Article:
counting the beans

The relative cost of a plate of food: a wake-up call for economists?

Beancost_exampleResearch reveals that the poorest are paying more they earn in a day for a single meal. This stark inequality is driving the global hunger crisis and weakening the foundations of peace in the world. 

Reported in the Guardian, a World Food Programme study reveals that the same bean stew can cost the average consumer in New York just $1.20, while the price tag is more than $320 in South Sudan. These figures come from calculating relative purchasing power – food prices against average wage.

Basic security of the essentials is a foundation of peace. Often poverty is measured in terms of income per day in dollars. Simply citing that 767 million people live below the international poverty line of $1.90 a day and setting a global goal for poverty (Sustainable Development Goal 1: No Poverty) without addressing the links to zero hunger (Goal 2) misses the opportunity to address basic security,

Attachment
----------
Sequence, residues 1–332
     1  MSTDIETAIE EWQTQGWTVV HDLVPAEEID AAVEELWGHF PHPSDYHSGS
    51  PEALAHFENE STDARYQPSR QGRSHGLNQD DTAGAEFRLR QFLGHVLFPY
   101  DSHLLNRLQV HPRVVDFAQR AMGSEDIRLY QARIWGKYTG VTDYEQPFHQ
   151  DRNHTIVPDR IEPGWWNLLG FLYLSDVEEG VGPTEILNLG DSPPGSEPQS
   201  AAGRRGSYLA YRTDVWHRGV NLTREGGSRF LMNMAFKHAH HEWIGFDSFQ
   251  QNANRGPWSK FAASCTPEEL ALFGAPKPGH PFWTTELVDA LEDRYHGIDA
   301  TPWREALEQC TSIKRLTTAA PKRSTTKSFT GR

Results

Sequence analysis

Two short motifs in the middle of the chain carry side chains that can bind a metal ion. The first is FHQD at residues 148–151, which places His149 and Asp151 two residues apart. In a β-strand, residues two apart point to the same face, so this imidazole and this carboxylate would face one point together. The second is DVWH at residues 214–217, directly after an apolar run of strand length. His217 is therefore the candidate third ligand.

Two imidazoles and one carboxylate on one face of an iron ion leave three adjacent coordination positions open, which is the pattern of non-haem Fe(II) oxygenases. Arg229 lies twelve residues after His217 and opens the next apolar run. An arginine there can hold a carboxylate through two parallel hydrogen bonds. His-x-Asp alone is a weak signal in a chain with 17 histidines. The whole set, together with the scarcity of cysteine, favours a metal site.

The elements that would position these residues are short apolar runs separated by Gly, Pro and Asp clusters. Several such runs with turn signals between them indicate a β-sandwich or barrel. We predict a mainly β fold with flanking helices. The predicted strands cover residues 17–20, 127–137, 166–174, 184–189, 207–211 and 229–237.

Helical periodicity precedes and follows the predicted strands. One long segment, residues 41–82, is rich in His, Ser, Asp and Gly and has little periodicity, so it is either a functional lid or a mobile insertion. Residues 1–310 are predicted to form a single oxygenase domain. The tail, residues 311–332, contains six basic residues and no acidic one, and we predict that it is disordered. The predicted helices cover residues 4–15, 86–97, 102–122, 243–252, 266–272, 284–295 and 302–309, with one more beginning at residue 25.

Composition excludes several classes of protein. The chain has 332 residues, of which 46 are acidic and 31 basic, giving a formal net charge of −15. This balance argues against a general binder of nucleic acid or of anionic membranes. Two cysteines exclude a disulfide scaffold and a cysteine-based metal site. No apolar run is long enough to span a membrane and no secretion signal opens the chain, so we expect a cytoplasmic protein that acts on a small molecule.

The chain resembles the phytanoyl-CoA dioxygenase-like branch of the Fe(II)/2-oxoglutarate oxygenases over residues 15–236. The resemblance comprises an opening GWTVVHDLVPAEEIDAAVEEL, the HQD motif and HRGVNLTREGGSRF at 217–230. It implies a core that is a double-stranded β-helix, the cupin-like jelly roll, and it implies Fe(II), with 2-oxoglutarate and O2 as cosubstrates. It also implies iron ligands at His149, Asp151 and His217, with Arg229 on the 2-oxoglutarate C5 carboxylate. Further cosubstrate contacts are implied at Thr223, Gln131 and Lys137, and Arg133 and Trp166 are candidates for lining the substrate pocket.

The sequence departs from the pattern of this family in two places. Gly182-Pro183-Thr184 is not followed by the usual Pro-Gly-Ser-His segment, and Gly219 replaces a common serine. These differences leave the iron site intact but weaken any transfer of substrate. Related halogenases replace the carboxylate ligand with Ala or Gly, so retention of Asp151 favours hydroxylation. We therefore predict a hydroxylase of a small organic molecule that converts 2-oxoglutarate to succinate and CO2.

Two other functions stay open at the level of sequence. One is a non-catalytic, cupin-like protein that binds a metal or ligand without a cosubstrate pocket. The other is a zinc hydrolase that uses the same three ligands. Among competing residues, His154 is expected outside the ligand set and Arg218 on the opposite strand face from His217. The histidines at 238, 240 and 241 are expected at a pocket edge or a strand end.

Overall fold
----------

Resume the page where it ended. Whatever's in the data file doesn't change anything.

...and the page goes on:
Economics needs to recognize that relative costs of essentials in terms of percentage of daily income need to be made transparent and factored into economic policy, too.

How to invest in peace by investing in food provision

Investing in peace encompasses finding the adequate finance at key points in the food provision chain to allow it to function effectively. This is clearly illustrated by the diagram below, and something the Invest in Peace fund, currently being developed, will address.

 

 

beans_Finance
Courtesy of the World Food Programme

Read more

The Guardian article

The Report